GEORGE BORROW'S VIEW OF SANTIAGO ['ST. JAMES'] IN THE EARLY 1830s
Saint James stands on a pleasant level amidst mountains: the most extraordinary of these is a conical hill, called the Pico Sacro, or Sacred Peak, connected with which are many wonderful legends. A beautiful old town is Saint James, containing about twenty thousand inhabitants. Time has been when, with the single exception of Rome, it was the most celebrated resort of pilgrims in the world; its cathedral being said to contain the bones of Saint James the elder, the child of the thunder, who, according to the legend of the Romish church, first preached the Gospel in Spain. Its glory, however, as a place of pilgrimage is rapidly passing away.
The cathedral, though a work of various periods, and exhibiting various styles of architecture, is a majestic venerable pile, in every respect calculated to excite awe and admiration; indeed, it is almost impossible to walk its long dusky aisles, and hear the solemn music and the noble chanting, and inhale the incense of the mighty censers, which are at times swung so high by machinery as to smite the vaulted roof, whilst gigantic tapers glitter here and there amongst the gloom, from the shrine of many a saint, before which the worshippers are kneeling, breathing forth their prayers and petitions for help, love, and mercy, and entertain a doubt that we are treading the floor of a house where God delighteth to dwell. Yet the Lord is distant from that house; he hears not, he sees not, or if he do, it is with anger. What availeth that solemn music, that noble chanting, that incense of sweet savour? What availeth kneeling before that grand altar of silver, surmounted by that figure with its silver hat and breast-plate, the emblem of one who, though an apostle and confessor, was at best an unprofitable servant? What availeth hoping for remission of sin by trusting in the merits of one who possessed none, or by paying homage to others who were born and nurtured in sin, and who alone, by the exercise of a lively faith granted from above, could hope to preserve themselves from the wrath of the Almighty?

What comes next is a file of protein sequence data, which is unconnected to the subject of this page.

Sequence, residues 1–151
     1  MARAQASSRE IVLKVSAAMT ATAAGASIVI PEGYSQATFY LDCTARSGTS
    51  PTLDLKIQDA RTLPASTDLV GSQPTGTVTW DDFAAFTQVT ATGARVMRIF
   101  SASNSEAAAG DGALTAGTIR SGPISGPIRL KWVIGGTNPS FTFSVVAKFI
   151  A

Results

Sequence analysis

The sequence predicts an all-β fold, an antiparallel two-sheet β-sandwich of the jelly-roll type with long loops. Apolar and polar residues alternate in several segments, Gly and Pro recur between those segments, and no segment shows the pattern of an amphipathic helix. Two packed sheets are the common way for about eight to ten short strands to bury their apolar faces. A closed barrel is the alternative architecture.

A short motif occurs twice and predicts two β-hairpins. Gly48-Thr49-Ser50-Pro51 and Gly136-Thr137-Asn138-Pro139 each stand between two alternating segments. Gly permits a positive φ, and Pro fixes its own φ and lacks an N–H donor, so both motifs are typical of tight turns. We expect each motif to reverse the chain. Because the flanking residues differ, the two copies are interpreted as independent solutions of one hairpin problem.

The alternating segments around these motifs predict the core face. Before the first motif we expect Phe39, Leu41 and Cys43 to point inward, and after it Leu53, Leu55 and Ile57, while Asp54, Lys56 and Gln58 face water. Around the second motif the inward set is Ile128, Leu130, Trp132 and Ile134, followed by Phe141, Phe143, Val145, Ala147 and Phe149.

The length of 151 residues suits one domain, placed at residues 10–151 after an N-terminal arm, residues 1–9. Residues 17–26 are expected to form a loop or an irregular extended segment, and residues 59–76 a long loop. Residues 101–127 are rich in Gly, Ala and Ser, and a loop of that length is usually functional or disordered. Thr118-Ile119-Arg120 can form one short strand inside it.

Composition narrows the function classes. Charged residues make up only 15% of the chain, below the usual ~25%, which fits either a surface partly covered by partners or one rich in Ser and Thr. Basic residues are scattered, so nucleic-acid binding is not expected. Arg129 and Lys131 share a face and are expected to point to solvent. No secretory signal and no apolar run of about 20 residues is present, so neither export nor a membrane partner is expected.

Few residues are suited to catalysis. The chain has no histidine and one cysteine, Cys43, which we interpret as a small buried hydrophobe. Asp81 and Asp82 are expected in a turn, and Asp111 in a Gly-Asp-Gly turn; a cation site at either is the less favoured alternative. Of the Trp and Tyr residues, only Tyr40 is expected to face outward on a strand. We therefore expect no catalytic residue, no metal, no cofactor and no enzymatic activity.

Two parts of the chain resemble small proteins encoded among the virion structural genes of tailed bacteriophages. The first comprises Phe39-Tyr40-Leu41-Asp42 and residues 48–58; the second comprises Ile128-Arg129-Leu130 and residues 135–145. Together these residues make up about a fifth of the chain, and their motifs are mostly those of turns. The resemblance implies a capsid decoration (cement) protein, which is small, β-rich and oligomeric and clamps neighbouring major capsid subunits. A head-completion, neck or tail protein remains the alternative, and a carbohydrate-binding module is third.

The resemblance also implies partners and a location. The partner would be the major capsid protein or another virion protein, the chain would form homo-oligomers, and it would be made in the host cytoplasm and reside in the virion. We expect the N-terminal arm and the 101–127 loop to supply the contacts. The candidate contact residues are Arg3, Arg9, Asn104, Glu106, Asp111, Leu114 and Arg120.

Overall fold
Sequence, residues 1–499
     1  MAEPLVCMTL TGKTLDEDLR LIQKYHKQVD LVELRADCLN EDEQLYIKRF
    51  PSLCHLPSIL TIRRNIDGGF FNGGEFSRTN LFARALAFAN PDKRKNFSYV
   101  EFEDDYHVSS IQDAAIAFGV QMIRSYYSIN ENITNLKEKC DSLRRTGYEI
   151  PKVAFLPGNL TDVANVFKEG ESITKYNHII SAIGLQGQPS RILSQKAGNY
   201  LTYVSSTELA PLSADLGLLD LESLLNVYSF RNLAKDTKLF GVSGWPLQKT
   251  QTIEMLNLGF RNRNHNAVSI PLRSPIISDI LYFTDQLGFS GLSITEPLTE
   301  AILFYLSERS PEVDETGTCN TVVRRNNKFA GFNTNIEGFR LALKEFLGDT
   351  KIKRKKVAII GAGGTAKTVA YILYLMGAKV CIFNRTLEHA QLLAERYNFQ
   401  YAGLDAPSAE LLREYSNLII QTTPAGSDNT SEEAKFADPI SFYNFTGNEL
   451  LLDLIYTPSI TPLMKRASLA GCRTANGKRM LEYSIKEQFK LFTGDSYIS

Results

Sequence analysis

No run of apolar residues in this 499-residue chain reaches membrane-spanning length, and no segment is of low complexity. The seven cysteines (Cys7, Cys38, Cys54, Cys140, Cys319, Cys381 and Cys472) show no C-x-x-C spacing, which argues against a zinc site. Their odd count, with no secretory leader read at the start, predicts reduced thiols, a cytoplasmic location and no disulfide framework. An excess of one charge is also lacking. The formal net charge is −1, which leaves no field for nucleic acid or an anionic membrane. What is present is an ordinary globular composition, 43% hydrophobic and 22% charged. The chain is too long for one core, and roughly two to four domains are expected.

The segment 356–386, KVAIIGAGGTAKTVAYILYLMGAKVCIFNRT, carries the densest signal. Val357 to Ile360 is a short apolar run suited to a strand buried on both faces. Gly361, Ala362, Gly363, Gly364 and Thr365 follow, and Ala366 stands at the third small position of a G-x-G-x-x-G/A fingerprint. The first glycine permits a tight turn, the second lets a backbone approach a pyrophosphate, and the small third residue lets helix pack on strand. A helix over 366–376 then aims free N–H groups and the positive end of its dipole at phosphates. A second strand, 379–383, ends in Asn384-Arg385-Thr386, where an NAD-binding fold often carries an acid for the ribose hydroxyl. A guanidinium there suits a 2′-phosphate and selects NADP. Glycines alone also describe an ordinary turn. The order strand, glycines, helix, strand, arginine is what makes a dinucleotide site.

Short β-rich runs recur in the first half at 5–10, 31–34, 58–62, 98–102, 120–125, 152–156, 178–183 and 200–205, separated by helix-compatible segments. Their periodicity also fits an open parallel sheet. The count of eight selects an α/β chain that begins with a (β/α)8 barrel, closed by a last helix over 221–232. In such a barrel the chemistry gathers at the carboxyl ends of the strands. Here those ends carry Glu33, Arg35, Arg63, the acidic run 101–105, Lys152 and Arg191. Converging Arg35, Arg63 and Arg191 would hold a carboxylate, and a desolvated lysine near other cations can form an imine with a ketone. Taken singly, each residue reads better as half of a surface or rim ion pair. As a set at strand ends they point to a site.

Rise from your knees, ye children of Compostella, or if ye bend, let it be to the Almighty alone, and no longer on the eve of your patron's day address him in the following strain, however sublime it may sound:
"Thou shield of that faith which in Spain we revere,
Thou scourge of each foeman who dares to draw near;
Whom the Son of that God who the elements tames,
Called child of the thunder, immortal Saint James!
"From the blessed asylum of glory intense,
Upon us thy sovereign influence dispense;
And list to the praises our gratitude aims
To offer up worthily, mighty Saint James.
"To thee fervent thanks Spain shall ever outpour;
In thy name though she glory, she glories yet more
In thy thrice-hallowed corse, which the sanctuary claims
Of high Compostella, O, blessed Saint James.
"When heathen impiety, loathsome and dread,
With a chaos of darkness our Spain overspread,
Thou wast the first light which dispell'd with its flames
The hell-born obscurity, glorious Saint James!
"And when terrible wars had nigh wasted our force,
All bright 'midst the battle we saw thee on horse,
Fierce scattering the hosts, whom their fury proclaims
To be warriors of Islam, victorious Saint James.
"Beneath thy direction, stretch'd prone at thy feet,
With hearts low and humble, this day we intreat
Thou wilt strengthen the hope which enlivens our frames,
The hope of thy favour and presence, Saint James.
"Then praise to the Son and the Father above,
And to that Holy Spirit which springs from their love;
To that bright emanation whose vividness shames
The sun's burst of splendour, and praise to Saint James."